I tried thinking my way into a career path once. Not just tried; my face was scrunched up, it felt like my bedroom was shaking, and I think my hair even went blond for a moment. I was adamant on deciding everything I ever wanted in life right then and there. If I just concentrate hard enough, I thought, then I’ll be able to find whatever answer there is hidden deep inside me.
Wouldn’t that have been nice?
Not knowing what I wanted to be was a confusing thing, especially for my then-premature 12th grade brain. It can be frustrating, constantly disappointing, not knowing what you should do in the future. It kind of shoots your self-esteem down a couple notches too, especially when it seems like everyone around you knows what they want to do (when they really don’t). It’s no wonder I wanted to get rid of all those negative emotions. Between all that ‘stuff’ and the random sense of conviction I had at that moment, I really thought that I should have been able to bust out a plan.
Obviously, that didn’t work, the same way it hadn’t worked out the 100 other times before, or the many other times since. I’d give you an exact number, but it grows on a weekly basis.
4 years later, I can say with confidence that there are two reasons why my plan to plan didn’t work out.
First of all, there is no perfect answer hidden deep inside of me. I realized that you can’t make a career plan by thinking any more than you can make a baby by doing the same thing. It can only be done through experience: getting out into the world and looking for the answers bit by bit.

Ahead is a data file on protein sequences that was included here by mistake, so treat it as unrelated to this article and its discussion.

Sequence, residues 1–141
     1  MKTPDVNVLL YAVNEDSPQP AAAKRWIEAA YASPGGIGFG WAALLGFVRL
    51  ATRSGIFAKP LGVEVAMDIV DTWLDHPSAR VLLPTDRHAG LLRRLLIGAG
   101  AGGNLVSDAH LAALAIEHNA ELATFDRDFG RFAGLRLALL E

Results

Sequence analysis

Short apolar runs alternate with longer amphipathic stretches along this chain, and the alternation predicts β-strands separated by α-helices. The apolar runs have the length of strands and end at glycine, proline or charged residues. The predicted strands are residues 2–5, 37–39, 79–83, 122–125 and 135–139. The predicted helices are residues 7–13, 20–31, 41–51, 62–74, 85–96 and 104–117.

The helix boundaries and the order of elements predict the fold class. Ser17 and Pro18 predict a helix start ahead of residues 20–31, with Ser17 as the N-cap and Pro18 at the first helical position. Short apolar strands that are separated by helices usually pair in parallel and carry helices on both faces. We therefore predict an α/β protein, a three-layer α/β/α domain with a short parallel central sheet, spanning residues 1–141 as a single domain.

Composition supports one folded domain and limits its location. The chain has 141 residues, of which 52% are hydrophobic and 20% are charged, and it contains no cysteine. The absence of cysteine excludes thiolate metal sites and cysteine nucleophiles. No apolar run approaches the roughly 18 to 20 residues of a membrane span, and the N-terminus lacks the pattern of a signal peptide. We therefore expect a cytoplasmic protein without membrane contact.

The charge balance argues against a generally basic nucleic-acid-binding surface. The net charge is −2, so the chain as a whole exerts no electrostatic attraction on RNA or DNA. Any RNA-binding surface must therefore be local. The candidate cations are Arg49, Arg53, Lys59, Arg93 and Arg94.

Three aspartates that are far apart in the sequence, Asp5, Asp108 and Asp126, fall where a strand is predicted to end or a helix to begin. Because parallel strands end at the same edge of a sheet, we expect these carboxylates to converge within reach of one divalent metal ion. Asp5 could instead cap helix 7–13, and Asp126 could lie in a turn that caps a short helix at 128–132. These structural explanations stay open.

Did you know? There’s this rumor that the meaning of life is hidden behind the canned beans at Wal-Mart. If you’re desperate for answers, that’s where you start looking.
Is that a decent philosophy for career planning? I think so.
After all, the “canned beans” can be anything. If you do something new, unusual, or “Why would I ever do that” worthy, you’re looking behind the canned beans at Wal-Mart.
When you find yourself going to the gym for the first time with your friend, that’s you looking behind the canned beans. When you write blog posts like this one, instead of normal blog posts that won’t get you fired, that’s looking behind the canned beans. And if you ever find yourself recognizing an inkling of a new talent in volunteering, or if one day you realize that you really like listening to speeches, organizing events, or swimming, that’s you finding what you were looking for, and it was right behind the canned beans all along.
Did that way of thinking help me out as much as I thought it would? No. I was looking for something that would take away all my uncertainty and leave me totally convinced that career X was the perfect fit for me. That doesn’t really jive with everything I’ve learned since then though. If I could sum it up into a sentence it would be as follows:
The feelings of uncertainty that come with careers never really goes away.
You could be sitting in the car with your parents, driving to The Keg with a PhD in neuroscience in your left hand and your graduation cap in your right hand, with an internship at the biggest neuroscience lab in the world and STILL be wondering if you were destined to be a writer or not.
Truth be told, if you stressed over what you were going to do with your life before you figured it out, you’ll probably still be stressed out about it after you figure it out too. It’s just the way some people (me) are wired.